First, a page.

thumbnail
Fig 1. Temporal response of muscle contraction-induced FAT/CD36 accumulation on sarcolemmal, subsarcolemmal (SS) and intermyofibrillar (IMF) mitochondrial membranes.

Sciatic nerve stimulation was used to determine FAT/CD36 accumulation, while plasma membrane fatty acid binding protein (FABPpm), which does not respond to contraction, was utilized as a control. While FAT/CD36 accumulated on the plasma membrane after 7.5 minutes, SS and IMF mitochondrial FAT/CD36 protein was not increased until 22.5 minutes. Values are reported as the means ± SEM (n = 7). * significantly (P<0.05) different from the contralateral control muscles (ie. time 0), † significantly (P<0.05) different from 7.5 minutes of stimulation, ‡ significantly (P<0.05) different from 15 minutes of stimulation, and ¥ significantly (P<0.05) different from 22.5 minutes of stimulation.

https://doi.org/10.1371/journal.pone.0126122.g001

While SS and IMF mitochondrial responses were identical, in contrast to the rapid responses observed at the plasma membrane, FAT/CD36 only increased (P<0.05) on mitochondrial membranes after 22.5 minutes of muscle contraction (Fig 1). In all membranes studied, FABPpm (as known as aspartate amino transferase in mitochondria [29]) did not change during the contraction protocol (Fig 1), nor did MCT1 on the plasma membrane or COXIV on mitochondrial membranes (data not shown). Therefore, the current data suggests a sequential response to muscle contraction, as FAT/CD36 accumulates on the plasma membrane rapidly while mitochondrial FAT/CD36 responses are delayed. These data support the notion that divergent signaling mechanisms may be responsible for inducing the accumulation of FAT/CD36 on plasma and mitochondrial membranes.

Determining the role of AMPK signaling in mitochondrial FAT/CD36 accumulation

We next aimed to determine the signaling events responsible for mitochondrial FAT/CD36 accumulation during exercise. Studies in mice have previously shown that AMPKα2 is not required for inducing FAT/CD36 translocation to the plasma membrane [11], and therefore given the divergent temporal responses observed between plasma and mitochondrial membranes, we investigated the role of AMPK signaling in mitochondrial FAT/CD36 accumulation.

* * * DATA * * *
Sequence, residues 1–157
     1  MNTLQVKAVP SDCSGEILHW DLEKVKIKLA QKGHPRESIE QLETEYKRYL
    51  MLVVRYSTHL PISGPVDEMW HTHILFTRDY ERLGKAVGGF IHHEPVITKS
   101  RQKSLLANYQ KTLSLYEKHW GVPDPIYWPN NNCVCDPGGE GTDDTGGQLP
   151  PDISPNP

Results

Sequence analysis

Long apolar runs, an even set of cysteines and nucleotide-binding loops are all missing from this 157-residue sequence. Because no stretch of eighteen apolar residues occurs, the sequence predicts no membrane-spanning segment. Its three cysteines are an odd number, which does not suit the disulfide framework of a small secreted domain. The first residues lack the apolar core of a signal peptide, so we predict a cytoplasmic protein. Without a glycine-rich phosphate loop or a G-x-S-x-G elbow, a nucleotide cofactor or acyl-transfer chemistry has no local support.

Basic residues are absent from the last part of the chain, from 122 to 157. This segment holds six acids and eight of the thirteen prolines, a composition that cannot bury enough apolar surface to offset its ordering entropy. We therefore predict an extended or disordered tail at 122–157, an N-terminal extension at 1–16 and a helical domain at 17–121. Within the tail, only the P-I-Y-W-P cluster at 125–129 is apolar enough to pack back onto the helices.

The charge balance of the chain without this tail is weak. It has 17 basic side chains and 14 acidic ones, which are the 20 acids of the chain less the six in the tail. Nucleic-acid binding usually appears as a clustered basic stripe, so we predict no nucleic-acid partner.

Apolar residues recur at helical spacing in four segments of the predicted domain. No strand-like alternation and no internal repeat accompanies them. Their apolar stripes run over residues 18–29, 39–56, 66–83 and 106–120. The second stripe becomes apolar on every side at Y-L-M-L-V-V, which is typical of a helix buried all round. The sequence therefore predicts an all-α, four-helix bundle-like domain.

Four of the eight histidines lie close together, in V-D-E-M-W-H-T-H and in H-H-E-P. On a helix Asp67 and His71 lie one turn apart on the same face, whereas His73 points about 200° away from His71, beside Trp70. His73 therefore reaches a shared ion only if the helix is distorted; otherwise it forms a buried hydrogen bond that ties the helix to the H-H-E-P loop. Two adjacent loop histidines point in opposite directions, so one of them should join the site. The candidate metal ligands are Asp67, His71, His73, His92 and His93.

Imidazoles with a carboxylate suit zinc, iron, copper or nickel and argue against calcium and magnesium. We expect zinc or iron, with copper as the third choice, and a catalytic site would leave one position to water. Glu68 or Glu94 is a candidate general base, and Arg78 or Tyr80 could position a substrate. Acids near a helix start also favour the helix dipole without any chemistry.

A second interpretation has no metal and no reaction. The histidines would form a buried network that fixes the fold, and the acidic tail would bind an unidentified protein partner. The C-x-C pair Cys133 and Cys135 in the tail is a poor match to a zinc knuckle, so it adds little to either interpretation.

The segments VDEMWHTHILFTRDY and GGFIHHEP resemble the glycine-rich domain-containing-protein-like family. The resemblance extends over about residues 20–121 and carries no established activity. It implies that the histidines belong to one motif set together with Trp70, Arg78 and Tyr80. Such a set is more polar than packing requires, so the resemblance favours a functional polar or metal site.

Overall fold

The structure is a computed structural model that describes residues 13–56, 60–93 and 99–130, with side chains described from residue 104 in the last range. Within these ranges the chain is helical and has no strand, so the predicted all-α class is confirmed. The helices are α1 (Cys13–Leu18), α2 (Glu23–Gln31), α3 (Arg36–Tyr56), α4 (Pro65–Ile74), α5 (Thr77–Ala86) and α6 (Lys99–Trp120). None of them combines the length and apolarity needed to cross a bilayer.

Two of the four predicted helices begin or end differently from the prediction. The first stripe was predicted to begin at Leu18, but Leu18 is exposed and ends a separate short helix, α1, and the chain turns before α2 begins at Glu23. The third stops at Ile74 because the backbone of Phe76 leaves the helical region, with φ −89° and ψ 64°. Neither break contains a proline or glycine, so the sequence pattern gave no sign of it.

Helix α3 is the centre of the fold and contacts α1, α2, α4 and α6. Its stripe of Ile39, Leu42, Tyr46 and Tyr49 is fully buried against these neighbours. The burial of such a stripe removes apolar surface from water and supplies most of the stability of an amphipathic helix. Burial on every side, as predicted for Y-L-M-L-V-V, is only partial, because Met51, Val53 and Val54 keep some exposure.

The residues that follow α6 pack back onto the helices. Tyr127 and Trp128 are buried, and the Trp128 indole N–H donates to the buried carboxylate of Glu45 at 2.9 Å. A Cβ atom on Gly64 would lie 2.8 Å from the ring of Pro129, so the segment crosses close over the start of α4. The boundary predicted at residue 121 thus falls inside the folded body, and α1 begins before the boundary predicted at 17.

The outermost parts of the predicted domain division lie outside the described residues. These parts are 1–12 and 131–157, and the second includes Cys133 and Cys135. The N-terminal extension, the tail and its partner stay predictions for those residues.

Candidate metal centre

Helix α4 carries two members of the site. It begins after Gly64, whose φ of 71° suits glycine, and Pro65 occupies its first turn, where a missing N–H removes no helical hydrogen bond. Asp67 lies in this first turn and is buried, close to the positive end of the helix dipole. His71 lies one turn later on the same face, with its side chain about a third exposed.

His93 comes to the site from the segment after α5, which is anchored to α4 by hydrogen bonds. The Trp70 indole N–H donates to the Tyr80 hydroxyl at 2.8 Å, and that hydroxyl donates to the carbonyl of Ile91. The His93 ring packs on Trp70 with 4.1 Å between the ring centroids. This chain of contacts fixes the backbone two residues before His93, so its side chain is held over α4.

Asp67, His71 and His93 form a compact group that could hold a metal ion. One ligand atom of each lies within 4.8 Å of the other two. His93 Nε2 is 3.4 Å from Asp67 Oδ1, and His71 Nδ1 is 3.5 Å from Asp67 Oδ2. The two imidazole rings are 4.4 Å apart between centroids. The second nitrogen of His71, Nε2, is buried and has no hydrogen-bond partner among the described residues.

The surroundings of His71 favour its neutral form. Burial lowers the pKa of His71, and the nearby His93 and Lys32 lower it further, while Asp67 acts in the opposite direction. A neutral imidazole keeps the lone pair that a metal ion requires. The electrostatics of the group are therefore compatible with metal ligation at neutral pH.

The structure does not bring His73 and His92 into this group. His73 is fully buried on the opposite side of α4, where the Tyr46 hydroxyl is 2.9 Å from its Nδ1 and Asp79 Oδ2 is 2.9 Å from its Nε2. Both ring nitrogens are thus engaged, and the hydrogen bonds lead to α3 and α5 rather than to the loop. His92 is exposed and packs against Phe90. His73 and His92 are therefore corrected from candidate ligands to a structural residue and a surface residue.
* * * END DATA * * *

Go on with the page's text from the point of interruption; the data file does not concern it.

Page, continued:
Specifically, we aimed to determine if AICAR would induce mitochondrial FAT/CD36 accumulation and if the typical accumulation of mitochondrial FAT/CD36 observed during exercise would be prevented in AMPKα2 KD mice. The later experiments require the utilization of mice, and therefore we performed AICAR experiments in mice as well for consistency. However, we first confirmed the presence of mitochondria and the absence of alternative membrane contamination within our preparation. Specifically, we show the presence of COXIV in SS and IMF mitochondria, and the absence of MCT1, Cav-1 and SERCA2, suggesting neither the plasma membrane nor the sarcoplasmic reticulum contaminated our isolated mitochondria (Fig 2A). To further validate the mitochondrial isolation procedure we determined the coupling efficiency (P/O) and dynamic response to ADP (RCR). The average P/O ratios obtained from the SS and IMF mitochondria (Fig 2B) as well as the RCR from the SS and IMF mitochondria (Fig 2C) are comparable to literature values. Therefore, the mitochondria that were isolated were devoid of contamination and fully coupled.

thumbnail
Fig 2. Representative Western blots on isolated subsarcolemmal (SS) and intermyofibrillar (IMF) mitochondria and assessment of mitochondrial respiratory coupling.

Isolated mitochondria display an absence of MCT1, Cav1 and SERCA2, but the presence of COXIV, suggesting the preparation recovered mitochondria devoid of plasma membrane and sarcoplasmic reticulum contamination (A). Mitochondria were also utilized to assess coupling efficiencies as an index of mitochondrial damage. Specifically, the P/O ratios and RCR (reported in B) values suggest mitochondria were coupled, and therefore not damaged during the isolation procedure (B). Values are reported as the means ± SEM (n = 4).

https://doi.org/10.1371/journal.pone.0126122.g002

Effects of AICAR on skeletal muscle FAT/CD36 translocation to the SS and IMF mitochondria

To investigate the role of AMPK signaling in FAT/CD36 trafficking to mitochondrial membranes we first administered AICAR, a well-established AMPK agonist, to WT mice. Before isolating mitochondria, blood glucose measurements were taken to confirm the effectiveness of the AICAR injection. Blood glucose dropped by more than 50% with the AICAR injection while saline had no effect (Fig 3A). AICAR significantly (P<0.05) increased (+65%) the phosphorylation of AMPK-Thr172 in the quadriceps muscle without altering total AMPK protein (Fig 3B). Combined, these data validate AICAR-induced AMPK activation.

thumbnail
Fig 3. Effect of acute AICAR administration on mitochondrial FAT/CD36 content.

An intraperitoneal injection of AICAR decreased blood glucose (A) and increased skeletal muscle AMPK Thr172 phosphorylation without altering total AMPK protein content (B). The FAT/CD36 antibody in mice is polyclonal, and therefore we confirmed that an ~88 kDa band was present in giant sarcolemmal vesicle (GSV) and mitochondrial samples from FAT/CD36 WT mice and absent in mitochondria isolated from FAT/CD36 knock out (KO) mice. A representative blot is provided (C). AICAR increased FAT/CD36 protein content in subsarcolemmal (SS) but not in intermyofibrillar (IMF) mitochondria. COXIV was utilized as a loading control. Muscle was taken 1 hour after the intraperitoneal injection of AICAR. Values are reported as the means ± SEM (n = 6). * significantly (P<0.05) different from saline.